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So yes, in a theoretical void of just your site and a single algorithm (and of course such a void doesn’t really exist!), you’d need to wait for the algorithm and/or its data to refresh to see any changes based on the new situation. In practice, however, things are much more involved, and improvements that you make (especially significant ones) are likely to have visible effects even outside of that single algorithm. One part that helps to keep in mind here is that you shouldn’t be focusing on individual factors of individual algorithms, it makes much more sense to focus on your site overall — cleaning up individual issues, but not assuming that these are the only aspects worth working on.

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All that said, we do realize that it would be great if we could speed the refresh-cycle of some of these algorithms up a bit, and I know the team is working on that. I know it can be frustrating to not see changes after spending a lot of time to improve things. In the meantime, I’d really recommend – as above – not focusing on any specific aspect of an algorithm, and instead making sure that your site is (or becomes) the absolute best of its kind by far.

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Cheers
John

We understand that there are lots of nuances to this and we should not take it strictly at face value, after all the algorithms are interdependent and none simply stand alone so changing one can influence others. But the ‘linking and sharing’ is directly attributable to new links being added to the site and this is link building no matter which way you cut it up.

We’re extremely conscious that there is a danger of extrapolating from a single point and taking his words out of context, but when those words back up what we all see every day in the SERPS we can surely be excused for that?

Google still naively clings to the belief that if you create great content people will like and share it and these are the signals it is looking for. This simply won’t happen if, for example you are a Funeral Director so part of SEO is link building to these sites. Despite a great Whiteboard Friday from Rand Fishkin on this topic the other day the fact remains that the majority of small businesses simply don’t have the time, resources or desire to do this, even if they had the knowledge.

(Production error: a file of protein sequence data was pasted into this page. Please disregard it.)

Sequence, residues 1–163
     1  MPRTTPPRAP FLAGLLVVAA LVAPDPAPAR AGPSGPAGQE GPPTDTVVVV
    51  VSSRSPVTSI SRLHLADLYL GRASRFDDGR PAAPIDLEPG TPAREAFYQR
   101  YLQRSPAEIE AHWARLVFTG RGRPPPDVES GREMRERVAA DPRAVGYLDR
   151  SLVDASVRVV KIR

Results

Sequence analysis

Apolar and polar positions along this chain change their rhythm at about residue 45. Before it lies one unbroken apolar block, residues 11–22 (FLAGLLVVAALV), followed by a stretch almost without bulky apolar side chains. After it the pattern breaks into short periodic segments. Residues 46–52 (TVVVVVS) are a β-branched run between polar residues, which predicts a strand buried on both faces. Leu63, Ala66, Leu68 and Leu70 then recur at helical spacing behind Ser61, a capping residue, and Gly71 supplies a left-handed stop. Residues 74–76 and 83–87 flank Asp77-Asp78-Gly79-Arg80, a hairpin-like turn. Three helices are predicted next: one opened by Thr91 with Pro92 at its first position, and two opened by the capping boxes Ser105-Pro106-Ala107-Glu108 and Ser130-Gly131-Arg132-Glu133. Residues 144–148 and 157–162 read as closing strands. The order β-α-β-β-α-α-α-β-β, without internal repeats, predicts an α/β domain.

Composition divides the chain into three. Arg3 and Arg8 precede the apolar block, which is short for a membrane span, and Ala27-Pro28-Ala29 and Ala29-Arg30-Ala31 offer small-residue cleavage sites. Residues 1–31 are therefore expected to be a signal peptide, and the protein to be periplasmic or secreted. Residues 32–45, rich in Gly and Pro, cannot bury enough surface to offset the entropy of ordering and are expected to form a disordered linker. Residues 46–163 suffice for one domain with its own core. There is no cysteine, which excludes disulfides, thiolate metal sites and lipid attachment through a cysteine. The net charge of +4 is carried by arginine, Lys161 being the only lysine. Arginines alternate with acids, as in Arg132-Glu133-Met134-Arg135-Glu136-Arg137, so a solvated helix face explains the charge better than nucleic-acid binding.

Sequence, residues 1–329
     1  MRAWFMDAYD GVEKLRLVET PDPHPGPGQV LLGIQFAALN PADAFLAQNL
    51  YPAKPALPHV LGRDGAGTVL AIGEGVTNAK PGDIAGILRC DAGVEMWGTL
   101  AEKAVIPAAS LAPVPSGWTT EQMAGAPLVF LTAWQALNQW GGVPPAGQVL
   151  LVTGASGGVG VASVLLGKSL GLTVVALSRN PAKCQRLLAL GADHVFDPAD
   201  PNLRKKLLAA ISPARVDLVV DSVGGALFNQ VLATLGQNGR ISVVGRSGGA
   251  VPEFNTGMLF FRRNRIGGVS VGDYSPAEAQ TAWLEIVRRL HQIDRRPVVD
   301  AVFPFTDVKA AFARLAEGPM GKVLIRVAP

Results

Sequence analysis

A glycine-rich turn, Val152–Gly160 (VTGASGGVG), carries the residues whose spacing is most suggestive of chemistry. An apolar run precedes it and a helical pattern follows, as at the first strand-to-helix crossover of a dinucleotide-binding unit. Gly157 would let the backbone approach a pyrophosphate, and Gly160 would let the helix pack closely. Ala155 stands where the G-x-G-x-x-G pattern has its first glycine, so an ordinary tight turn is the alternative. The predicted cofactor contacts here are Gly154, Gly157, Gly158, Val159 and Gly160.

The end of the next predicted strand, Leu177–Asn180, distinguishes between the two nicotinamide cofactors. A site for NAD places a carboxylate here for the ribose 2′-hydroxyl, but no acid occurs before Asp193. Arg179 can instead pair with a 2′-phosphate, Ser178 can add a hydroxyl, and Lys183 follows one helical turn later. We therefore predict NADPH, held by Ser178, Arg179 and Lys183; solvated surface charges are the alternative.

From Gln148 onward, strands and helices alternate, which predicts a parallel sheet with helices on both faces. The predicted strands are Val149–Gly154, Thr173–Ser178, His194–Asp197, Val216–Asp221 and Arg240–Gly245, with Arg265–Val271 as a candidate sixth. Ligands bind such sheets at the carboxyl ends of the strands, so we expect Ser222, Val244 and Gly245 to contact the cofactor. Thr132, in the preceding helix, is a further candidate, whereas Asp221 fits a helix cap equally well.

Which leaves us back at good old link building. It’s not gone away nor will it anytime soon we think.

The Evil of Negative SEO

Negative SEO does exist and here’s the proof

One of the most asked questions from clients over the last few months has been “Do you think we have been hit by negative SEO?” Our standard response has always been “No” as to date we have not seen a clear example of negative SEO hitting any our client’s sites.

Whilst negative SEO has gained a lot of coverage over recent months it has mostly been from people with a bad backlink profile looking to find an excuse for their site’s poor performance.

This morning however one of our client sites received an “Unnatural Links” notification in Webmaster Tools. Given that we haven’t been link building for this client or site and we know that they haven’t then this was a bit of a surprise.

Here’s the graphs and what they show is that in the last three weeks the client has magically acquired over 150,000 new backlinks from over 500 referring domains.
Negative SEO Referring Domains Negative SEO Backlinks

If that wasn’t strange enough then a quick look at the anchor text reveals that virtually all of them include the word ‘valium’. Given that our client has nothing to do with Pharmaceuticals or medications then it’s no surprise that they received an Unnatural links warning. Add to this the fact that all the links pointed to the home page and it’s clearly a crude attack on their site.

As you can see from the graphs this site has built no links at all; ever. They managed to naturally acquire just over 200 links in the last five years before the link spike on the graph.

So we have our first clear example of negative SEO. As to who has done this there is probably no way of finding out but we do know that Google has stated that they won’t penalise sites that have been hit in this way.

This type of behaviour is rare and more often than not the client has previously engaged and SEO firm, usually the cheapest available, and they have built the links they were paid to build. These links are now coming home to roost as the short cuts that were taken, sometimes many years ago, are turning into toxic links which need removing.

Just this week we have launched our new site offering exactly this service; a manual clean up operation on the worst offending links in your profile. Matt Cutts says it is essential and we have seen first hand just how devastating this is to established site. So if you have a backlink profile that needs some help then take a look at www.linksremoval.co.uk as we may be able to help.